President Obama greets Michaele Salahi at last week's state dinner. Turns out Salahi wasn't invited. (WHITE HOUSE PHOTO)
FROM CNN's Jack Cafferty:
The White House "crashers" are just the latest example of why reality TV may have entered dangerous territory.
Michaele and Tareq Salahi made it past Secret Service and inside the White House for President Obama's first state dinner without being invited. They met the President and the Vice President.
President Obama insists he still has "full confidence" in the ability of the Secret Service to protect his family. But the agency has said it's "deeply concerned and embarrassed" - as it should be.
Some lawmakers want criminal charges brought against the couple. That's an excellent idea.
There are reports the couple wants in the neighborhood of half a million dollars for an interview about their story. They deny it.
And the couple is being considered for the cast of the reality TV show "The Real Housewives of D.C." They had television cameras following them around the day of the state dinner.
Another grab at 15 minutes of fame by people who would live their entire lives unnoticed otherwise. Remember the Colorado father of the so-called "Balloon Boy?"
This loser was trying to get media attention for his own reality show when he made up a story about his six-year-old son being carried away in a home-made helium balloon. He agreed to plead guilty to a felony charge.
Reality TV has given these people the idea that anyone can be a celebrity - and some are committing dangerous, and potentially criminal acts, just to get on the tube.
And to think it all started with a fat, naked guy wading around in the water looking for fish on a CBS program called "Survivor." In retrospect, it seems pretty harmless.
Here’s my question to you: Has reality television gone too far when it comes to the White House "crashers"?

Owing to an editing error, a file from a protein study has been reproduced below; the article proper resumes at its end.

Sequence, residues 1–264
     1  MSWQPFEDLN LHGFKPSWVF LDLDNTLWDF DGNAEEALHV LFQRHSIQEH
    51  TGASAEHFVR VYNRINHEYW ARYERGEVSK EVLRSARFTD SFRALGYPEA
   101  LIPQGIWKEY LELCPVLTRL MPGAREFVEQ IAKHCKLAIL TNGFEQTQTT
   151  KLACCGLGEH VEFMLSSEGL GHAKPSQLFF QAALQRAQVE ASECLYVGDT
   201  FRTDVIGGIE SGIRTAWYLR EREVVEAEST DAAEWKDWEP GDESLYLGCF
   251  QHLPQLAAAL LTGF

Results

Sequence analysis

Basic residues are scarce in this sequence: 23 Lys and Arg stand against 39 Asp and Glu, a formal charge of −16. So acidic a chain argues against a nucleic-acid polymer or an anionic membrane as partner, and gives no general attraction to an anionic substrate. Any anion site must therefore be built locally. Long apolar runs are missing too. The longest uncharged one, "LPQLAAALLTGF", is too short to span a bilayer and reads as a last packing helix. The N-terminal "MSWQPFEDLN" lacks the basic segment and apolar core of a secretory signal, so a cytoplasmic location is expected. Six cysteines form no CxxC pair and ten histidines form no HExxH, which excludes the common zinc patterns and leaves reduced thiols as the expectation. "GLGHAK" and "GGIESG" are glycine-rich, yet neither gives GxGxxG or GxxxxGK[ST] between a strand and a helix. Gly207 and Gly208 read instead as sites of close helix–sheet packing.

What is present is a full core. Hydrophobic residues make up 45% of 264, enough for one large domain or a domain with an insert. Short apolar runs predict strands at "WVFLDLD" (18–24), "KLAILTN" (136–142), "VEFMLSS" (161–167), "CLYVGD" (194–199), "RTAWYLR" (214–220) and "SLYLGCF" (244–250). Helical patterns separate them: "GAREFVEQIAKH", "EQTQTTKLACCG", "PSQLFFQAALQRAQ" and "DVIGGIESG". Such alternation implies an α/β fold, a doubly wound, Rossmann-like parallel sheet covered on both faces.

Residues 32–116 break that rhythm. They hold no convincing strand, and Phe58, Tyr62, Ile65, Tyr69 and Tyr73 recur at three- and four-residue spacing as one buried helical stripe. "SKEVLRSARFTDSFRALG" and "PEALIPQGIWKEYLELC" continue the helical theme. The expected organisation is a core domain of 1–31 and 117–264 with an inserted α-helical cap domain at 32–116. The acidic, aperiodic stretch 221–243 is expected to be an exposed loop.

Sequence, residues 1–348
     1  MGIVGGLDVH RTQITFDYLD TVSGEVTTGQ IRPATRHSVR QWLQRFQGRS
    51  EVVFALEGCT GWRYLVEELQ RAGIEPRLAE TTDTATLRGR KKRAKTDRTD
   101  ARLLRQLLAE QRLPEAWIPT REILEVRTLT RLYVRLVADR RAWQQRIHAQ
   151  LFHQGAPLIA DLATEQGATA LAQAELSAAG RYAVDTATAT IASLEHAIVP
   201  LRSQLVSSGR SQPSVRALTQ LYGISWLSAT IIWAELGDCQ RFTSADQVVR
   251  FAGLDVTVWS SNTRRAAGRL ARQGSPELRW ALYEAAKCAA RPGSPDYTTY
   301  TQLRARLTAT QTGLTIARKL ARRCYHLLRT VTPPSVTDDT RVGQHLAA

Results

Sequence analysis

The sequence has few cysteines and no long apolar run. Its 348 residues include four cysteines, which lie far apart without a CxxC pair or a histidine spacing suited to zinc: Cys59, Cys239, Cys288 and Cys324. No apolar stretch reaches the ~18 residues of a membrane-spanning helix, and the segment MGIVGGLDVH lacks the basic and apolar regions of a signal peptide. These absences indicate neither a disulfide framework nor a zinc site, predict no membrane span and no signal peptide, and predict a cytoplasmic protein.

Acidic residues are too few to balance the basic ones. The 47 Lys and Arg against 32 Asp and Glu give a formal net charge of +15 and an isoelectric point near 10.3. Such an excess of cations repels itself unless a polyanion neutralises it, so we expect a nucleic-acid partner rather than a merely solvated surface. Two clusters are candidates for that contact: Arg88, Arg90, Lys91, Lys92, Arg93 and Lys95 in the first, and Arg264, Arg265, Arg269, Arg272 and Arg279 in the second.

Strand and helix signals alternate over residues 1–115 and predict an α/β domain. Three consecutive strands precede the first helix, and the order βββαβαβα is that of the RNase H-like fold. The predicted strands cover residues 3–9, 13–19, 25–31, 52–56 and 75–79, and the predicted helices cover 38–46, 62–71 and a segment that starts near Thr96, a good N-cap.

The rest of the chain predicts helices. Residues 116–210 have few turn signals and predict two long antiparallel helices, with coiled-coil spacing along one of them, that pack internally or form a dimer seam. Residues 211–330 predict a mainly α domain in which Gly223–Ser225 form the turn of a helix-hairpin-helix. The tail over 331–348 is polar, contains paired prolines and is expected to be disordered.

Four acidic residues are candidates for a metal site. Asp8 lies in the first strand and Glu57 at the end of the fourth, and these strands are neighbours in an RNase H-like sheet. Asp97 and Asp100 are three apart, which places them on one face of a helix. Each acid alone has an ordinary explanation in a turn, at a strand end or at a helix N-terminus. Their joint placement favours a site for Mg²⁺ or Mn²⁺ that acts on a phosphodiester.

Interested to know which ones made it on air?
Brian from Atlanta writes:
These "crashers" should have criminal charges filed… This is a test case. If this is not handled properly, the nut jobs will come pouring out of the woodwork doing whatever they want without consequence. I surely hope these folks are locked up and star in the San Quentin version of "Survivor."
Reality TV is like any other business: it supplies based on demand. The issue is not with the genre, but rather, what our society finds to be entertaining.
Suggesting that this is nothing more than "reality TV going too far" is the liberal media's way of deflecting blame away from the White House. The real story here is the Obama White House is amateur hour.
K. from Wisconsin writes:
Absolutely. Reality TV is only encouraging these misfits. It’s far past time to stop publicizing already dysfunctional people for the sake of "entertainment."
Matt from New York writes:
I don’t think reality TV has the ability to go too far. There will always be brainless people out there who eat that nonsense up. Personally, I agree with your statement that it's much easier to produce. But look at it, it's just stupid. There is no talent, no point, no BRAINS behind it at all.
Here's a reality TV show for you, Jack: Auction off the clothing and jewelry worn to the party by the White House party crashers and donate that money to a soup kitchen near their home. Now put the couple on house arrest (their house, not the Obamas') and sentence them to work in the kitchen for 2 meals a day at that local soup kitchen for a year. Maybe they would learn an important lesson about reality. That's a show I'd watch.